Don Maynard doesn't pop up on TV nationally or in the New York market a lot to do interviews or hawk products. He prefers the slower pace and the wide-open space at his Texas and New Mexico homes. And with all the hype and hullabaloo among wideouts in today's game, simple things can sometimes be forgotten.
So we'll state it one more time, before Maynard is inducted into the Jets' Ring of Honor on Monday night:
Maynard was and remains one of the greatest AFL/NFL wide receivers ever.
"Any honor anybody gets is hopefully deserving, and the other side of it is that it's a great honor to be in this first class," Maynard told newyorkjets.com recently. ""I'm just honored to be there, proud and thankful and all that."
Maynard's still-franchise-leading totals include 627 catches for 11,732 yards and 88 touchdowns. He finished with 11,834 yards, which is 18th all-time in pro football history, and those 88 TDs are 10th all-time.
Besides those impressive career stats, he holds the kind of distinction that makes him perhaps the Ted Williams of NFL receivers. Only five players in pro football history have ever had two 200-yard receiving games in the same season. Maynard was the last to do it, in 1968, the Jets' Super season.
"I wasn't aware of that. Thank you," Maynard said. "My daughter and son hollered at me the other day that one of the sports networks showed that myself and Jim Brown were tied for the most touchdowns scored by anybody in the Sixties, in that 10-year period. I wasn't aware of that either. I never looked up stuff like that."
But Maynard is proud and grateful to hear those measures of his prowess, and in return he is masterful at telling stories from back in the day. Just a short conversation reveals these unknown or little-known nuggets:
■ Some 20 years before Bill Walsh "invented" the West Coast Offense, Maynard said the Jets were running it in 1965. "All we called it was Slot Right or Slot Left," he recalled. "That told certain guys where to go. Matt Snell caught more passes than I did out of it, just to prove that point. We called it the Slot or the Spread. And that was the offense that Dutch Meyer and Matty Bell at TCU were coaching back in 1935."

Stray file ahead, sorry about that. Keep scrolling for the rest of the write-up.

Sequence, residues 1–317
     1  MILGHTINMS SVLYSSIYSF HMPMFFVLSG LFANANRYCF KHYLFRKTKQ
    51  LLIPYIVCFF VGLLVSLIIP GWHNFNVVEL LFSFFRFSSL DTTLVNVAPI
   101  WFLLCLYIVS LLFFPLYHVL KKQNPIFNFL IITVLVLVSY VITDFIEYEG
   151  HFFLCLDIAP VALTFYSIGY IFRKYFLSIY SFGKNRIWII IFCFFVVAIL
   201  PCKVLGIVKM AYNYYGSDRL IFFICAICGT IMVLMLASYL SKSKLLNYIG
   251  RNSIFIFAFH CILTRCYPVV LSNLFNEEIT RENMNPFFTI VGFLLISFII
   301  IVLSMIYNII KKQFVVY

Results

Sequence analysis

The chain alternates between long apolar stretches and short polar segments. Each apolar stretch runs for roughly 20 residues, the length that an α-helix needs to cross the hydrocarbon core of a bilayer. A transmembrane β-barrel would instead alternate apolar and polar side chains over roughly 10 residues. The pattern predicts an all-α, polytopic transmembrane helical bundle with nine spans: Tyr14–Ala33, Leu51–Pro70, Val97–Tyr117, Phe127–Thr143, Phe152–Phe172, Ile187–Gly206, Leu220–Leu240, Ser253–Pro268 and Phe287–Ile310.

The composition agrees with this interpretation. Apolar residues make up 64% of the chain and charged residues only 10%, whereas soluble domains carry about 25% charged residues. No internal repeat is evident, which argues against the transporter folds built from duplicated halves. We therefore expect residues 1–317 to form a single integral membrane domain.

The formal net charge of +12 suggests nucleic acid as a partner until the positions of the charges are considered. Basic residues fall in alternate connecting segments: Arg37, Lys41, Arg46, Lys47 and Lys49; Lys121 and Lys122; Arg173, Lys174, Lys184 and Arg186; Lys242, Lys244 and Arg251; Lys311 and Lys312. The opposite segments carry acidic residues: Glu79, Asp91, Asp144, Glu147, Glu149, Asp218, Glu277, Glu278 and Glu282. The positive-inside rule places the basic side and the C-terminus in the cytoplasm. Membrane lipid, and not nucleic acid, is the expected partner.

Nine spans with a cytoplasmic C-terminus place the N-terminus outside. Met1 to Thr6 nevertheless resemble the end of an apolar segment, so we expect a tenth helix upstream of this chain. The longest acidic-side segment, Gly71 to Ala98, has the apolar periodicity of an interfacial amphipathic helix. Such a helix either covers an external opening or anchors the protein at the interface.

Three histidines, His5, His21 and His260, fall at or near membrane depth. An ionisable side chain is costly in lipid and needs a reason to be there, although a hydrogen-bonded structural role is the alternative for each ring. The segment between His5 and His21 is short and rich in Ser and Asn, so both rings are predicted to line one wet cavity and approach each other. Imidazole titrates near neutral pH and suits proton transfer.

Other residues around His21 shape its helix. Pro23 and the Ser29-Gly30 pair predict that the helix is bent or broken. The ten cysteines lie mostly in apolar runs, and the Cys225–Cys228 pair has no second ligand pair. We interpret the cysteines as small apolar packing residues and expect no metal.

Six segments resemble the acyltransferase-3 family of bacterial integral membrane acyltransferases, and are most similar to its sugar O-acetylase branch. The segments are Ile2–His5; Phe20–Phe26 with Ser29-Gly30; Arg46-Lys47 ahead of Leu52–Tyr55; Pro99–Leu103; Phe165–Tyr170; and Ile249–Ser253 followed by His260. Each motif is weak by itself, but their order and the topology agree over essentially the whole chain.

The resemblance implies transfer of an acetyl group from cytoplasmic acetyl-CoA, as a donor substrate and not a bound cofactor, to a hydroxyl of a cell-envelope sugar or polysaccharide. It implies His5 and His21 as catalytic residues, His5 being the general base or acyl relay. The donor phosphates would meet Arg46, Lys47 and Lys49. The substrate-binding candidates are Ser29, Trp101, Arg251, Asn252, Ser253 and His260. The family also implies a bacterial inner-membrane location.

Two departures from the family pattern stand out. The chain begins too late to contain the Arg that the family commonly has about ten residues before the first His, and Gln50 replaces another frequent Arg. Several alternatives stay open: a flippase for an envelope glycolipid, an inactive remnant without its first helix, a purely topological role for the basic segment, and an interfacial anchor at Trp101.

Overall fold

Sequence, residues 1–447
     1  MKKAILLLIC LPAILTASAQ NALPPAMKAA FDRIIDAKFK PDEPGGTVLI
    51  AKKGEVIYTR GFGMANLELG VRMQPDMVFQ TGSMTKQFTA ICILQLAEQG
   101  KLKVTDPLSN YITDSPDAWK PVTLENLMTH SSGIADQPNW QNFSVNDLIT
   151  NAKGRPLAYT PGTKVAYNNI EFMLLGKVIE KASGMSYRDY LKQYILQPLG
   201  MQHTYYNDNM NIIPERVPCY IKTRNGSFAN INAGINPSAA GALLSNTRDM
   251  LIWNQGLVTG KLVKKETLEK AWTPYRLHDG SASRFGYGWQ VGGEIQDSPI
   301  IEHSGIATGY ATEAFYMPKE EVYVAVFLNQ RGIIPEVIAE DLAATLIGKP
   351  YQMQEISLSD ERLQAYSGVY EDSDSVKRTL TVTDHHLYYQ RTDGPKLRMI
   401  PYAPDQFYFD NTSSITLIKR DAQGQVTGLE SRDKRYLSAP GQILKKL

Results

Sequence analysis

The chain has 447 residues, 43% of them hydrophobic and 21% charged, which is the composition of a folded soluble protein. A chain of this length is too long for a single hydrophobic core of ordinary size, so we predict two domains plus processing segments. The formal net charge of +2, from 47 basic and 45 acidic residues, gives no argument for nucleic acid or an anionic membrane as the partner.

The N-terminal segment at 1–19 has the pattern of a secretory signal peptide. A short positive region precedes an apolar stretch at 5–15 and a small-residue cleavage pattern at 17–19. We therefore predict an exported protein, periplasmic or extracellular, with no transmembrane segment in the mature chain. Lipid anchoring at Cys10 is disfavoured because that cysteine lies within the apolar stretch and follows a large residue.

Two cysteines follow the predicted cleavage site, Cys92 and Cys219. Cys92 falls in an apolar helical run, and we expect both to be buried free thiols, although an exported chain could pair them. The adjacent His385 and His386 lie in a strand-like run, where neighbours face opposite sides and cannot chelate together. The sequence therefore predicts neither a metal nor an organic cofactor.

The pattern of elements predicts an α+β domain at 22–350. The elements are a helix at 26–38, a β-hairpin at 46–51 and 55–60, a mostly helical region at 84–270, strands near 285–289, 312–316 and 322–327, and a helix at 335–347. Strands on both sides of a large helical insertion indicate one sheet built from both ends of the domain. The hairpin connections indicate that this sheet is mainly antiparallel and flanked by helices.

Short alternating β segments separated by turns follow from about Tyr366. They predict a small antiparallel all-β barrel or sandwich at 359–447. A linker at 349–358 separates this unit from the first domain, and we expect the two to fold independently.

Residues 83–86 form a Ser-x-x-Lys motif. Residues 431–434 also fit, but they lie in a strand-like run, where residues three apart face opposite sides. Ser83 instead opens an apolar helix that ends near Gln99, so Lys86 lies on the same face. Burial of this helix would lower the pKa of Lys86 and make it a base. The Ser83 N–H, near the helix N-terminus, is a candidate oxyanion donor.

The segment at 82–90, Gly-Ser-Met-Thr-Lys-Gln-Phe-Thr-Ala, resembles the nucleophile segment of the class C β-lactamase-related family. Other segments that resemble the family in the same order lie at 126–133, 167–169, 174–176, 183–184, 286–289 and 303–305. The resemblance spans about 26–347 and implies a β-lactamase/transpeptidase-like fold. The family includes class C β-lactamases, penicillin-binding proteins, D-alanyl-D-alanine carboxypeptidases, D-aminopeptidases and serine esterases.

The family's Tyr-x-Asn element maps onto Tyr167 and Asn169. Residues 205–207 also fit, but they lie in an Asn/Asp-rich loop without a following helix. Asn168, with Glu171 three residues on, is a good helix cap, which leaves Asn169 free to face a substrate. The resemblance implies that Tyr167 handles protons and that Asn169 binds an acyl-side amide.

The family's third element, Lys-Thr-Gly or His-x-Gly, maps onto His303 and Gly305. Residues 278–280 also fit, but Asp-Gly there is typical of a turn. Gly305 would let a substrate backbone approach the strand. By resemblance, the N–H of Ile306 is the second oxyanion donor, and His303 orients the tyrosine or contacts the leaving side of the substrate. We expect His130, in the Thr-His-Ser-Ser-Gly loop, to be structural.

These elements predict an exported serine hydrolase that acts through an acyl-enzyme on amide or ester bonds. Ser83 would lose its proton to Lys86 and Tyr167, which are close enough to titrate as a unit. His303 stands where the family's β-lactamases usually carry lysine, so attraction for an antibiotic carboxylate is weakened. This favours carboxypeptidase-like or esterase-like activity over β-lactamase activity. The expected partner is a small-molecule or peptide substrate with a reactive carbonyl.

■ In an era when wideouts used to wear seven cleats on each shoe, Maynard had Puma soccer shoes custom-made for him in West Germany with a 24 cleats in each shoe. "The sole was flexible so when you rounded your pass patterns, it was kind of like driving a car, making a 90-degree turn and you're not slipping," he said. "I wore cleats half the length of other receivers. They kept my legs fresh."
■ He even said he was the one who coined the phrase "wide receiver," to help a reporter who had some difficulty figuring out if he was a split end or a flanker. "I told him, on the formation right I'm the flanker and on the formation left I'm the split end. So if you want to get right down to it, let's call it the wide receiver on the left and the wide receiver on the right. So that became the terminology and that's what it says my position is on my Hall of Fame ring."
Along with the great stories are the great games. Maynard had those two 200-yarders in '68, at Kansas City in the season opener and at Oakland in "the Heidi Game," and he had 50 100-yard games total as a Jet.
So the numbers of 6-for-118 and two touchdowns don't sound terribly impressive, except when you consider that those were Maynard's numbers in what he calls "the most important game of all that the Jets ever played," beating the Raiders, 27-23, for the AFL title and their pass to Super Bowl III.
Those games, those stories and more will be told and retold this coming weekend and on Monday night during halftime of the Jets-Giants game, when one of the greatest receivers in the game will be recognized once again by Jets fans of all ages.